But I reread ‘Giovanni’s Room‘ the other day, and I see now that, in my outrage, I misunderstood what it is really about. I suppose I thought that it was about how destructive passion can be, about how a nature, consumed with love and without other ballast to steady it, could spin off into madness. I was fooled by the oldest trick in literature: I was paying attention the wrong character. I thought that ‘Giovanni’s Room’ was about Giovanni.

‘Giovanni’s Room’ is about David. It isn’t a novel about passion, or madness – it’s a novel about alienation, about the destruction of the possibility of love by hatred. David, who has spent his life in full flight from his very self, hates himself so completely that the love of other people, which he needs like water, feels like chains to him.

Baldwin doesn’t explicitly frame David’s self-loathing as internalized homophobia, and, though that is clearly part of it, I do not think he intended that David’s condition be that simple. David has been warped by a feeling that certain of his longings are “wrong”, yes, but he is also economically, culturally, and familially alienated as well. He is lost, trapped being a person he despises and unable to break free.

What David comes to know, what I have also come to know and the reason that I identified so strongly with David when I first read ‘Giovanni’s Room‘, is that, when we truly hate ourselves, we are unable to sincerely love anyone else. And when you are incapable of loving other people, the love they offer you will always feel like a hair shirt: irritating, painful, constricting, external. You will seek it out – you are lonely, after all – but when you receive it, you will immediately feel straight-jacketed and embarrassed by it. The people who love you are so earnest, so intense, that it is difficult to look them in the eye. David flinches from Giovanni (I flinched from Giovanni) not because Giovanni is so extra, but because Giovanni is whole-hearted and David, who’s own heart is consumed by hating himself, is mortified by that.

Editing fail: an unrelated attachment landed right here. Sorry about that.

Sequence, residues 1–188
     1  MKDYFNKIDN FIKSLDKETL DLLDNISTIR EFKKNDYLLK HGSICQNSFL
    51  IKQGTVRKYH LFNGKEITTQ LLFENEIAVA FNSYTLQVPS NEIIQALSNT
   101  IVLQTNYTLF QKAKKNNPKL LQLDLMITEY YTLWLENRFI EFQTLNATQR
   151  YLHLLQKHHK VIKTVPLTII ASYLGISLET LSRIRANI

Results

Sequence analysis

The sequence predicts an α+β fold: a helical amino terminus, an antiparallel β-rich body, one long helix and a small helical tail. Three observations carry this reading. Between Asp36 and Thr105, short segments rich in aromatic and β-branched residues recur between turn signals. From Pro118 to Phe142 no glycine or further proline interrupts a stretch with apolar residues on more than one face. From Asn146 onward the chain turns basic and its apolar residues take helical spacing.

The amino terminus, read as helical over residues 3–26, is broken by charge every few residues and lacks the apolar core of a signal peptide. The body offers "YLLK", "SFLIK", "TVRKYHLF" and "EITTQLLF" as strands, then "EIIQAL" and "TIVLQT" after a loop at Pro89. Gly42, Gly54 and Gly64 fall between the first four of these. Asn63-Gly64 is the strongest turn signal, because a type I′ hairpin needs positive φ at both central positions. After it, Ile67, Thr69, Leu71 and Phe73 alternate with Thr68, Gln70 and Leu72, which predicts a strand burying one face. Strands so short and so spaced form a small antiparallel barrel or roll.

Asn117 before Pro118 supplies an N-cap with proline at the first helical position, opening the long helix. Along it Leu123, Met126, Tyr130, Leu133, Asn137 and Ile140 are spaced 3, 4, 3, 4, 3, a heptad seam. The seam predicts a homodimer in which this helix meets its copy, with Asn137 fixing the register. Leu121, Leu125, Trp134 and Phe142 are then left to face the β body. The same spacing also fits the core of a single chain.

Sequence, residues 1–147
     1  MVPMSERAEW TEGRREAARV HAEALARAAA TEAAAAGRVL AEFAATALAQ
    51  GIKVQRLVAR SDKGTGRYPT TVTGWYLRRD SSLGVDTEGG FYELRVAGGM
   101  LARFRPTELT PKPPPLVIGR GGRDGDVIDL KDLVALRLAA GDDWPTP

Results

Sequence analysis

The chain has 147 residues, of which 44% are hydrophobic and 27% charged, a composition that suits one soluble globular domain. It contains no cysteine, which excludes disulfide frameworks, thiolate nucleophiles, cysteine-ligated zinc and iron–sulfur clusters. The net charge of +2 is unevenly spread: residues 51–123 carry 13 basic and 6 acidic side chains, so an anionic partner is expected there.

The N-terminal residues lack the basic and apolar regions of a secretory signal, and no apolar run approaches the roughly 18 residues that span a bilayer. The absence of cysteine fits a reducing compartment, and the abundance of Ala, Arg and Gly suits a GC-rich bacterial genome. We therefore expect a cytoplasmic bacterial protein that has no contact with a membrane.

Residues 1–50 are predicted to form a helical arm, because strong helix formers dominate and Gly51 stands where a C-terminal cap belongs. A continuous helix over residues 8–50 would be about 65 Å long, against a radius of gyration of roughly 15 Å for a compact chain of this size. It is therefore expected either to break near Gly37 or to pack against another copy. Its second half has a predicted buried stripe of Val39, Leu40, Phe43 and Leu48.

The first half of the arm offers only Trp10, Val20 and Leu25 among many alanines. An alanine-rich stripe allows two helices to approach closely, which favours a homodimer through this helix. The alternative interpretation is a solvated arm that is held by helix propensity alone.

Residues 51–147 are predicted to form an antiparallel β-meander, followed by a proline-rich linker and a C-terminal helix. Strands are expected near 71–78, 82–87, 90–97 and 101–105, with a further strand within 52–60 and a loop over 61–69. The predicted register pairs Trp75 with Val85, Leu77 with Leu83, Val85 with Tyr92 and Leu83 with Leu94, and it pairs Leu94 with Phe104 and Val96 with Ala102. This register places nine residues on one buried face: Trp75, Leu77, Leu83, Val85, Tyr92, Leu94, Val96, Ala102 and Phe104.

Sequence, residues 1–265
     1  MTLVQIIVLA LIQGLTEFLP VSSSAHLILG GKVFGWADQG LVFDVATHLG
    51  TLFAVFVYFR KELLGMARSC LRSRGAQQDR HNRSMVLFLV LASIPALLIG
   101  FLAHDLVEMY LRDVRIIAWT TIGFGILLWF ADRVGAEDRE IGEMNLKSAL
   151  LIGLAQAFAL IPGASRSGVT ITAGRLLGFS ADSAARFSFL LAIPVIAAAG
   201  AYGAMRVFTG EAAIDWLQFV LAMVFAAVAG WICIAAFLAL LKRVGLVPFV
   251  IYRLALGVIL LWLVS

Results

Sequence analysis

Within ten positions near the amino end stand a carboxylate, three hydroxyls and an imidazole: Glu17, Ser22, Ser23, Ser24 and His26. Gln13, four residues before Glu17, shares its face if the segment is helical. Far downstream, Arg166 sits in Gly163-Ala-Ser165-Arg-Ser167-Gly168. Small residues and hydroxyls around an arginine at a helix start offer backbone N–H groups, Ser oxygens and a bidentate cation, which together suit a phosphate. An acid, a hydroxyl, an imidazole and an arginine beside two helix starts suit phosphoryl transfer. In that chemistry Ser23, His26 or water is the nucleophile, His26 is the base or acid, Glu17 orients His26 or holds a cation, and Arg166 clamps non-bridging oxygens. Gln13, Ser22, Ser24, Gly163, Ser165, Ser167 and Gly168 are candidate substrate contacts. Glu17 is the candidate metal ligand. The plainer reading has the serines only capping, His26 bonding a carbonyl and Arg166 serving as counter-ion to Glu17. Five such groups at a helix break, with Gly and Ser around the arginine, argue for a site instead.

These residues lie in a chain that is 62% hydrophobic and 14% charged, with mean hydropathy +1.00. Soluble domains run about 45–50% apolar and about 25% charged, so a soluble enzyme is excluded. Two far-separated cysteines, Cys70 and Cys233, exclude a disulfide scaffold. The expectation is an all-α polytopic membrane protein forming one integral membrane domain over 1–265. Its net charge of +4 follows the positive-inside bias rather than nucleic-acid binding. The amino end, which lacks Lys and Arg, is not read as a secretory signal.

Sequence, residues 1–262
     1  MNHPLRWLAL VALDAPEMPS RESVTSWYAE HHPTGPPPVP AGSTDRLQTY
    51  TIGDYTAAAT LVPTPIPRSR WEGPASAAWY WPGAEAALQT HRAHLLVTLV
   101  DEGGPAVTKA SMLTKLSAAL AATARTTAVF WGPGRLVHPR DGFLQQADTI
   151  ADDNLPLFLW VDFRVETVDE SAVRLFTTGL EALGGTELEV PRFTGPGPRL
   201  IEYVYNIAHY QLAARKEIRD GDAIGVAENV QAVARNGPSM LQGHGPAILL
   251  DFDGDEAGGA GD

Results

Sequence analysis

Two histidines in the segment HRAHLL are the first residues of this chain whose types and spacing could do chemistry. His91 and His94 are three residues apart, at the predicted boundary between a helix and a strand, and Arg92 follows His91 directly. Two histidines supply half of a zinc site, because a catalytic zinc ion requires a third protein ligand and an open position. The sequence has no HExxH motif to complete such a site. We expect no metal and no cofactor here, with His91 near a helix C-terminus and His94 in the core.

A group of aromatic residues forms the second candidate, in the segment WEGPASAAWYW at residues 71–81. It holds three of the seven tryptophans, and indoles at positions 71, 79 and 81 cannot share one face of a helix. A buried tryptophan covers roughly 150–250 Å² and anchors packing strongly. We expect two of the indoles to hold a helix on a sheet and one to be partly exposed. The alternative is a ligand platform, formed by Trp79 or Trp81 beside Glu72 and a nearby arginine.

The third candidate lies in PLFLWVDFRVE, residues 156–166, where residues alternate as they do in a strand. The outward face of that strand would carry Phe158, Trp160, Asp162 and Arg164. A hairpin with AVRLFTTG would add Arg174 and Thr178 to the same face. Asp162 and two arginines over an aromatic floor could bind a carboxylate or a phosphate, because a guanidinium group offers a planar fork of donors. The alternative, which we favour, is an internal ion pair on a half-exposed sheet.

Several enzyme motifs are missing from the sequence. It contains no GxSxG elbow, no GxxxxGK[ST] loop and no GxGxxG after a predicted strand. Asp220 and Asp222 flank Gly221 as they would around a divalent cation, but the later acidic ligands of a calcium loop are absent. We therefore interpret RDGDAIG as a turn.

James Baldwin

Like most truly great books, ‘Giovanni’s Room‘ is even more beautiful upon rereading. I have always found James Baldwin breathtaking, one of those authors who make me feel that reading their words is a privilege. He has always possessed a special insight into human suffering, no less clear-eyed because it is merciful, and he has the writerly power to express his insights with devastating effectiveness. And I discovered, upon rereading, that Baldwin tells us exactly what it means to be Giovanni:

“Perhaps, everyone has a garden of Eden, I don’t know; but they have scarcely seen their garden before they see the flaming sword. Then, perhaps, life only offers the choice of remembering the garden or forgetting it. Either, or: it takes strength to remember, it takes another kind of strength to forget, it takes a hero to do both. People who remember court madness through pain, the pain of the perpetually recurring death of their innocence; people who forget court another kind of madness, the madness of the denial of pain and the hatred of innocence; and the world is mostly divided between madmen who remember and madmen who forget. Heroes are rare.” (p. 25)

Giovanni goes mad through remembering; David goes mad through forgetting.